It appears 2016 could be the year of paradoxes. As we just covered, Samsung and MasterCard are using their considerable tech powers this year to put payments not into our hands with mobile phones and wearables, but into our houses with TVs and fridges.
It seems odd that for years companies have been scrambling to make portable devices that can do everything from transferring payments to tracking how many calories you burnt whilst making those payment, but now have seemingly used all the knowledge and technological advancements to make payments immovable again by sticking it on to a fridge.
The answer to this of course is that it’s not a regression, having smart fridges and TVs was obviously the next logical step in a decade that will undoubtedly be the age of the Internet of Things. It makes sense to have payment facilities that reflect geographically very specifically what you are purchasing.
Moreover, it seems that, as a society, we are quite happy to keep payments affixed to immovable objects. According to new data from research firm RBR, global ATM cash withdrawal volumes grew by 7 per cent in 2014 with a total of 92 billion withdrawals made. That figure is predicted to jump to 104 billion withdrawals at the end of this year, and 128 billion by 2020.
Herein lies the paradox: in an age when not only we have contactless cards that are consistently becoming more and more popular around the world – and have actually pushed digital payments to overtake cash payments for the first time last year – but also fridges that process payments and learn your shopping patterns, how can ATM withdrawals, and ergo cash, still be so popular? How can cash withdrawals still be increasing when in China, in one day 94 million people spent $9.8 billion dollars via mobile phones alone and in one month in the UK we spent just under a billion pounds on contactless cards alone?
One suggestion is that technology is incremental not deleterious to older technology. After all, credit cards did not wipe out cash, they just added to the payment experience. In fact, as the ATM literally demonstrates: you can use the newer payment device to convert money into its older form.
However, cards not exterminating cash is pretty much the only example you can use, because every other payment method is either an addition to the credit card (Chip-and-PIN/contactless) or too nascent to count as a serious rival yet (mobile technology/bitcoin). Furthermore, the rise of the recent innovations has all but wiped off the use of cheques, showing that actually, adoption of new technologies on a mass scale isn’t as polite or staggered as people believe.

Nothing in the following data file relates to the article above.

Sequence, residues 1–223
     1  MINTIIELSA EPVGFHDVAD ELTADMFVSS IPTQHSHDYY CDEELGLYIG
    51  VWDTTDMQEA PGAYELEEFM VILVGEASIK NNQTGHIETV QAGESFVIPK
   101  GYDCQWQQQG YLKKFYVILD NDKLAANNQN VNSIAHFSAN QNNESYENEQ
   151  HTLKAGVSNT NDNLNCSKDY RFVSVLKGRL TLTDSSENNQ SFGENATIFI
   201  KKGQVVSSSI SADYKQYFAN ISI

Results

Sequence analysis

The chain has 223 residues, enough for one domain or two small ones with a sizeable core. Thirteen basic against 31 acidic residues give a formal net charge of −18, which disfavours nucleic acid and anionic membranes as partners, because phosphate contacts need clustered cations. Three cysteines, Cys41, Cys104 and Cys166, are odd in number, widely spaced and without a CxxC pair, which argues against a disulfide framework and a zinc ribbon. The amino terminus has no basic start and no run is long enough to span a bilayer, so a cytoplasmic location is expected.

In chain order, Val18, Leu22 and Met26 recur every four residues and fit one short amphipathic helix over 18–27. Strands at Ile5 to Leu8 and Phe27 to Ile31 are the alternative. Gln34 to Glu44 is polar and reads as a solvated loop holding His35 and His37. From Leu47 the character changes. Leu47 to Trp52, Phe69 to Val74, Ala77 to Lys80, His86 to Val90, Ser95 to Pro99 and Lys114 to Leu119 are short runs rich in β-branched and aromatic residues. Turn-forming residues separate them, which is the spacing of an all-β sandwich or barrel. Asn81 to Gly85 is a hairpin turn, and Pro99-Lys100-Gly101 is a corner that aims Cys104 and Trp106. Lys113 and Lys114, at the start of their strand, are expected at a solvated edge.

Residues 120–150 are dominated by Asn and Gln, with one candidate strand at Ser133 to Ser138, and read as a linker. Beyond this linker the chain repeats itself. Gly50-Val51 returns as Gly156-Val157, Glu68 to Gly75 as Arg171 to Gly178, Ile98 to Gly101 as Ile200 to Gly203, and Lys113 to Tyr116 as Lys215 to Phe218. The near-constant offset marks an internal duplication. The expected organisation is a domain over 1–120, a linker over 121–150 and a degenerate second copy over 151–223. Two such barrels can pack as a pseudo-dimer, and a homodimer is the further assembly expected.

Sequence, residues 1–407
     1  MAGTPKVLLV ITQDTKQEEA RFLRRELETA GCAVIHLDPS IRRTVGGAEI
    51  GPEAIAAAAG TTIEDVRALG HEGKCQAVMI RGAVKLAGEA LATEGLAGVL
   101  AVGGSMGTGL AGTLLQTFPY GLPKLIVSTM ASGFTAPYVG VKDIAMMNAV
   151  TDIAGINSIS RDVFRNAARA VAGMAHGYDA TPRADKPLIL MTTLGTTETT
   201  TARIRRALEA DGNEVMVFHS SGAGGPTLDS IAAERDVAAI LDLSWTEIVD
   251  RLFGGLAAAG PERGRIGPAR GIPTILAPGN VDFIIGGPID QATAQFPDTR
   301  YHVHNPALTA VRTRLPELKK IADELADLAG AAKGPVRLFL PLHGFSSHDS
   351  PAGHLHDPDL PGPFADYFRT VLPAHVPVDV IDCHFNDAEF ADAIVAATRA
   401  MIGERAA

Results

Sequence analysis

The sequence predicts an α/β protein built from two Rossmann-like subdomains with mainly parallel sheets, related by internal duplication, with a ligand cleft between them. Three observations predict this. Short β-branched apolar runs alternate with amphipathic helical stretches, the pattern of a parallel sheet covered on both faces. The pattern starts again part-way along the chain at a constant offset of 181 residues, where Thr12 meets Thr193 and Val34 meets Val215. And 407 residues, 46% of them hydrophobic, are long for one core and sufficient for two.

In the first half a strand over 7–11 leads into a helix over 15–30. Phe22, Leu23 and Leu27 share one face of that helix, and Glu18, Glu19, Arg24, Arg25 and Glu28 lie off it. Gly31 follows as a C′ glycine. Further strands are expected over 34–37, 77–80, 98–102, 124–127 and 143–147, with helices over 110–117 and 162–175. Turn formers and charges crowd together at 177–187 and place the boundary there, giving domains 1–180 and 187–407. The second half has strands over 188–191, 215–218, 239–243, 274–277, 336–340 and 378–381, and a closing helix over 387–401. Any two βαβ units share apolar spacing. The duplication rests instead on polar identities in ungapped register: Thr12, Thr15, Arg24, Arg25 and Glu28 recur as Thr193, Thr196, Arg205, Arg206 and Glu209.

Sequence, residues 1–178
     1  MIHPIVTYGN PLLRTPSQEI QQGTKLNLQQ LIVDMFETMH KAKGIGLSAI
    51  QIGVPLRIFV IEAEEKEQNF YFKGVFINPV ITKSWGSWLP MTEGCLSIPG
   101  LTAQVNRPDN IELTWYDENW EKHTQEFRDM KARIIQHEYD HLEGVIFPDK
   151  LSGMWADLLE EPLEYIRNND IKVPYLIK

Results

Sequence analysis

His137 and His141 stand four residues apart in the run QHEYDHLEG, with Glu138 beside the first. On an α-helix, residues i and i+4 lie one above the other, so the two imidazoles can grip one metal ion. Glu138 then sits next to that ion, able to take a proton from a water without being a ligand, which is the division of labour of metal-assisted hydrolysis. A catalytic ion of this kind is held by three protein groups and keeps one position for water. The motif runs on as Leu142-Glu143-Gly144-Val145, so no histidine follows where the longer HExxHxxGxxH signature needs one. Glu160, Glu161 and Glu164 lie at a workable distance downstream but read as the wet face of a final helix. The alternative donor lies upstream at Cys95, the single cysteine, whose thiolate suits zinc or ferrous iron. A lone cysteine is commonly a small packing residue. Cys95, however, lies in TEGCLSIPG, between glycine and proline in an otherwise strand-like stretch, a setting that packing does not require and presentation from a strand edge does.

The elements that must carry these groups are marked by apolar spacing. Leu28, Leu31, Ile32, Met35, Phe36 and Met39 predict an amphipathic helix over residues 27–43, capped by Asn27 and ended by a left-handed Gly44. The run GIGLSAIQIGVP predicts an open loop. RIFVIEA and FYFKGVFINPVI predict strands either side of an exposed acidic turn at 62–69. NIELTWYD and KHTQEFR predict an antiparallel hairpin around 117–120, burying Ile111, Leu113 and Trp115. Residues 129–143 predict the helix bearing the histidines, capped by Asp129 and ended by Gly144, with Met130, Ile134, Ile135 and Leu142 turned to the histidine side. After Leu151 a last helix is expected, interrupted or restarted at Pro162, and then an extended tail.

And yet, just as the Bank of England said last year, cash will be “resilient” is unlikely to become extinct in the near future.
An acceptable answer is simply that, on a global scale, digital technology has nothing on cash.
“Growth in ATM withdrawals was strongest in the Asia-Pacific and Middle East and Africa regions – in many developing markets ATM usage is growing at a far greater pace than ATM deployment. Both Bangladesh and Vietnam saw annual withdrawal volumes rise by a quarter – driven by increasing numbers of cards being issued to their large unbanked populations – although these countries’ installed bases only grew by 11 per cent and 4 per cent respectively,” RBR noted.
In China, deployment exceeded growth in ATM withdrawal volumes. RBR said that, to serve the huge number of people entering the banking system, Chinese banks added 95,000 ATMs in 2014. This marks an 18 per cent increase in the installed base compared to just 10 per cent growth in withdrawal volumes. RBR forecasts that deployment by Chinese banks will slow as the market matures, and ATM usage should surpass deployment again.
RBR did note that in more mature markets, i.e. ones that had sound digital payment infrastructures the ATM usage levels were stagnating and even declining, but “all regions except North America saw growth in the total volume of withdrawals”.
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